If the first two years of children’s development stand for the basic physical development and establishment of loving relationships with parents and caregivers (check the STAGES OF CHILD DEVELOPMENT (Part 1) article for more information on children from birth till 2 years old), the next period, associated with the pre-school and school times, is all about their creativity, imagination, and personality milestones.
This period marks the beginning of a toddler’s most imaginative years. Children at this age will love playing games of make-believe, but their tremendous imaginations can lead to irrational fears, like the fear of the dark or the concerns of monsters living under the bed. In this year, there are also great advancements in speech: by now the toddler knows between 500 and 900 words, and transitions from two- and three-word sentences to four- and five-word sentences. Three-year-olds are naturally active, so providing toddlers with the opportunity to do meaningful and physical activities is especially important. Fortunately, at this point toddlers learn to share, take turns, play compatibility with other children, and act appropriately in public, throwing fewer temper tantrums.
Fine motor skills and gross motor skills continue to improve quickly at this age, as well as intellectual abilities and awareness of the outside world. Children at this age can use stairs independently, pull up zippers, and learn to tie shoes and construct sentences between four and eight words long. Their speech should be understandable, as they like to talk frequently and can carry conversations to some degree. Five-year-olds know certain details such as their address and phone number, as well as the days of the week and the name of the months. Children in this age range still navigate the world awkwardly and have trouble following rules and commands. Playing sports and yard games such as Freeze Tag and “Duck, Duck, Goose” helps with confidence and mobility. In these preschool years, four-year-olds tend to be moody, selfish, and aggressive at family members, and five-year-olds tend to be more cooperative and obedient, eager to please others. They also develop a more significant attachment to their parents as a result of going to school and being exposed to a more daunting environment there.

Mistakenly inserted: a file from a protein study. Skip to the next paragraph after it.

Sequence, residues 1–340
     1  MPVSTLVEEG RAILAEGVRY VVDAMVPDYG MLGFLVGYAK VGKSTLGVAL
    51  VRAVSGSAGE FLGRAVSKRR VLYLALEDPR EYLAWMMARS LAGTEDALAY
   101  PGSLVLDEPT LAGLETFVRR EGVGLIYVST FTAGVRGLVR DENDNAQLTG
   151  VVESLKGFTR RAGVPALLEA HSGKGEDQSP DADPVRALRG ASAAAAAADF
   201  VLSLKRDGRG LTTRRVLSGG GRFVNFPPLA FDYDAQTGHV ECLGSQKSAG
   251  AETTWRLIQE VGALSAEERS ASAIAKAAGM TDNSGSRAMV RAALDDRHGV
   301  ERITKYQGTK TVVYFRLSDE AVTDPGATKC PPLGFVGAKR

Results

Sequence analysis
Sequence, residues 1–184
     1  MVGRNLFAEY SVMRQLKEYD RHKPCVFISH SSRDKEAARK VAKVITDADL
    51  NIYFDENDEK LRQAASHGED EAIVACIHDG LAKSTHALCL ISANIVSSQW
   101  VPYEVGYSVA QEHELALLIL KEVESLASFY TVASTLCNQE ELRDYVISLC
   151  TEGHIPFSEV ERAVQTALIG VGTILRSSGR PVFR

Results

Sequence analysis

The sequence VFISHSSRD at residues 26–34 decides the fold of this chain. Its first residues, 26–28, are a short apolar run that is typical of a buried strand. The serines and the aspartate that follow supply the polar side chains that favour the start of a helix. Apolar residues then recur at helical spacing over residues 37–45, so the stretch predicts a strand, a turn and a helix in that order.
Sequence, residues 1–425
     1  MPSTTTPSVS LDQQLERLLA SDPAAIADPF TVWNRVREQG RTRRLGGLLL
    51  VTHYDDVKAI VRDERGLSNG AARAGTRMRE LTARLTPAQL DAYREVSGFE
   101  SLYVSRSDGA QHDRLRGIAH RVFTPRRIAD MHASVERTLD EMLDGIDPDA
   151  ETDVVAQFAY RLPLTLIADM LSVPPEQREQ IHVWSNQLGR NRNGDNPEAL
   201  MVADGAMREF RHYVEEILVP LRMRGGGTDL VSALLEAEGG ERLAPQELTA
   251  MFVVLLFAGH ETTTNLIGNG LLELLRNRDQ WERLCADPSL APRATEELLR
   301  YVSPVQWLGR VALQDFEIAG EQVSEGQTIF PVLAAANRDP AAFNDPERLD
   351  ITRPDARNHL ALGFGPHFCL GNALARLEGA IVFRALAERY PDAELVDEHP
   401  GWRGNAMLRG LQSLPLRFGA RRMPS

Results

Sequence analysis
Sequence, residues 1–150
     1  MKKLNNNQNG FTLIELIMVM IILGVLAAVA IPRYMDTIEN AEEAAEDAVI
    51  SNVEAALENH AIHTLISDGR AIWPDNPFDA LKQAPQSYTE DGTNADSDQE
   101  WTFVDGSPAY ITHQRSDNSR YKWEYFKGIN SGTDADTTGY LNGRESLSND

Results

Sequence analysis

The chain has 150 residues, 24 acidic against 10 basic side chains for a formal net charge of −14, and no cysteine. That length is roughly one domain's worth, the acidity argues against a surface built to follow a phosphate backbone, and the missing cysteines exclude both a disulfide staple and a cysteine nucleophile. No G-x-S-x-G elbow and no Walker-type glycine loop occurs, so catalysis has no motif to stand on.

Children at this age grow more independent and pursue their interests. They like to draw and paint, commit to activities they enjoy, ride bikes, and read age-appropriate books. They are also able to tell time, carry out commands that contain three separate steps, and compute addition and subtraction problems.
After this, children develop quickly. They can create “masterpieces” in literature or art, they develop their own opinions and know how to explain their positions. They become independent, and therefore, separating from their parents, teenagers spend more time with friends, start dating, and, later, have their own families.
Children grow up fast and it is important not to miss any stage of their development, support them in every step they make and at any road they choose and be the family they will always want to come back to.